Somewhere out there, Ernie Godden and Dale Derkatch must be thinking: if only we were coming up through the junior ranks today.
Marcel Dionne is in the Hall of Fame, and Theo Fleury should be. Johnny Gaudreau and Tyler Johnson are two of the most dynamic players in the NHL. Brad Marchand plays much bigger than his size. But make no mistake, the National Hockey League was and very much still is a big man’s game.
The numbers support that claim.
Last season, NHL rosters featured 34 defencemen who were listed under 5-11. Given there’s likely eight D-men on each of the 31 teams, you’re looking at a total of 248 players in that position.
Up front, 115 forwards in the NHL last year stood under 5-11. Going with 14 forwards per team, there were 434 forwards in 2017-18.
As for the goalies, only three in the entire league last season were listed under 5-11.
Yes, it’s patently obvious, hockey is a big boy’s game.
But it’s changing.
How about these numbers? Eight of the 31 players selected in the first round of the NHL draft last weekend in Dallas were under 5-11, and six of those were defencemen. Among them was 5-9 Quinton Hughes, who went seventh overall to the Vancouver Canucks.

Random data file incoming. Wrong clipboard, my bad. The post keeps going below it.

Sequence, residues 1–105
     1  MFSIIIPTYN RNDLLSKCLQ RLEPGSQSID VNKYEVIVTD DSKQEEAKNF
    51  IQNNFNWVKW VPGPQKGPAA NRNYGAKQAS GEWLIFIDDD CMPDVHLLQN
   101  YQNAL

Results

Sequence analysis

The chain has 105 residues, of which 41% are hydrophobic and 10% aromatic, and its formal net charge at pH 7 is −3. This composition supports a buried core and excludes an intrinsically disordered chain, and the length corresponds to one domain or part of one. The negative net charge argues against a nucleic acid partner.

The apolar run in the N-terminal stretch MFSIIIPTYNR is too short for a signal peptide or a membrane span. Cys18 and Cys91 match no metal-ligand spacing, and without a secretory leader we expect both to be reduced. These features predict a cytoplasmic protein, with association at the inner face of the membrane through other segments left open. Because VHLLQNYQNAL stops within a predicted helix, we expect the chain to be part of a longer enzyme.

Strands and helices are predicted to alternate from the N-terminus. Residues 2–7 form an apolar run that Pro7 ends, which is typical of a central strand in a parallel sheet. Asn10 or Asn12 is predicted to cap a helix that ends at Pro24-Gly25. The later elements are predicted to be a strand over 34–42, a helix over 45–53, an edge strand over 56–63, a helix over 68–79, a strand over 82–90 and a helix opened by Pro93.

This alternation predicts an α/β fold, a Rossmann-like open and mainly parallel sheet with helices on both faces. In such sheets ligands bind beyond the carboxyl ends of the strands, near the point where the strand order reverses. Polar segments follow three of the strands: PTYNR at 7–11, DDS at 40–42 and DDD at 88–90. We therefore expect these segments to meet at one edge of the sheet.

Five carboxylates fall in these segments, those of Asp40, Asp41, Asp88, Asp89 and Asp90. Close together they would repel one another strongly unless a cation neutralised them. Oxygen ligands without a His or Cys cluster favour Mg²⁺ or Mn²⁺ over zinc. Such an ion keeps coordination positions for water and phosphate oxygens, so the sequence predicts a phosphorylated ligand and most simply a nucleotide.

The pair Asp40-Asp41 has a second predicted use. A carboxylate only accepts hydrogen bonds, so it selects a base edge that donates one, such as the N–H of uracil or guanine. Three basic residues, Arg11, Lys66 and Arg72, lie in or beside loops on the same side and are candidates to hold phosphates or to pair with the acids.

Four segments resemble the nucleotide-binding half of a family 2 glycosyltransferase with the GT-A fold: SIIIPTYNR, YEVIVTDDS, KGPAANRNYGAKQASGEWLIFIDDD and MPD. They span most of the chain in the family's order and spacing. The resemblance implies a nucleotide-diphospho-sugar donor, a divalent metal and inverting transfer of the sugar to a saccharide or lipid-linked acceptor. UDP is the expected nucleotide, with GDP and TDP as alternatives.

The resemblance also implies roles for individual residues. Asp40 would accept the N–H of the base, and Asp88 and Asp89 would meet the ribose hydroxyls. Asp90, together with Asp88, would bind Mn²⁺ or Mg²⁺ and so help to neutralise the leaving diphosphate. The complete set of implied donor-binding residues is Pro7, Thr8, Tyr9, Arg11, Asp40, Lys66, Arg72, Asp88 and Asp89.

There might not necessarily be a trend towards going with smaller players in the NHL, but let’s just say the door is no longer closed to athletes who are not 6-1.5 and 200 pounds, which just happens to be the league’s average size.
During a three-year run with the Western Hockey League’s Regina Pats in the early 1980s, Derkatch tore it up, averaging 72 goals and 160 points. He was selected in the seventh round of the 1983 NHL Entry Draft by the Edmonton Oilers.
Listed at 5-5, Derkatch never played an NHL game, but did skate for several years in Finland and Germany.
Same storyline with Godden, the Windsor Spitfires star who scored an average of 50 goals and 96 points over three OHL seasons.
Godden was drafted by the Toronto Maple Leafs 55th overall in 1981. Standing 5-8, he managed to appear in five games with the Leafs, picking up a goal and an assist.
Godden, who lit up the AHL for a couple of years before calling it quits, was 5-8.
While the rule of thumb with most pro sports is a good big man is always better than a good smaller man, the school of thought with the NHL is now changing with the belief a good small man is probably better than an average big man.
“The trend in the game now is skating,” says Mark Hillier. “It’s really gone to skating and speed, and if you’re going to play, you have to skate.
“The pure physics of it is a 5-11 defenceman usually skates better than a 6-5 defenceman. It seems like there’s more room (in the NHL) for smaller defencemen because they can get back to pucks quicker to transition the puck up the ice quicker.
“A defence partner can’t hold up forechecker, so the other guy has to get back there quickly to the puck and move it up.”
Hillier knows about these things. It’s his job, as the Winnipeg Jets’ director of amateur scouting. Hillier runs the Jets’ draft table, although Winnipeg general manager Kevin Cheveldayoff, of course, has the final say.
Hillier, when he’s not off watching some 240-odd hockey games in the winter, calls Torbay home.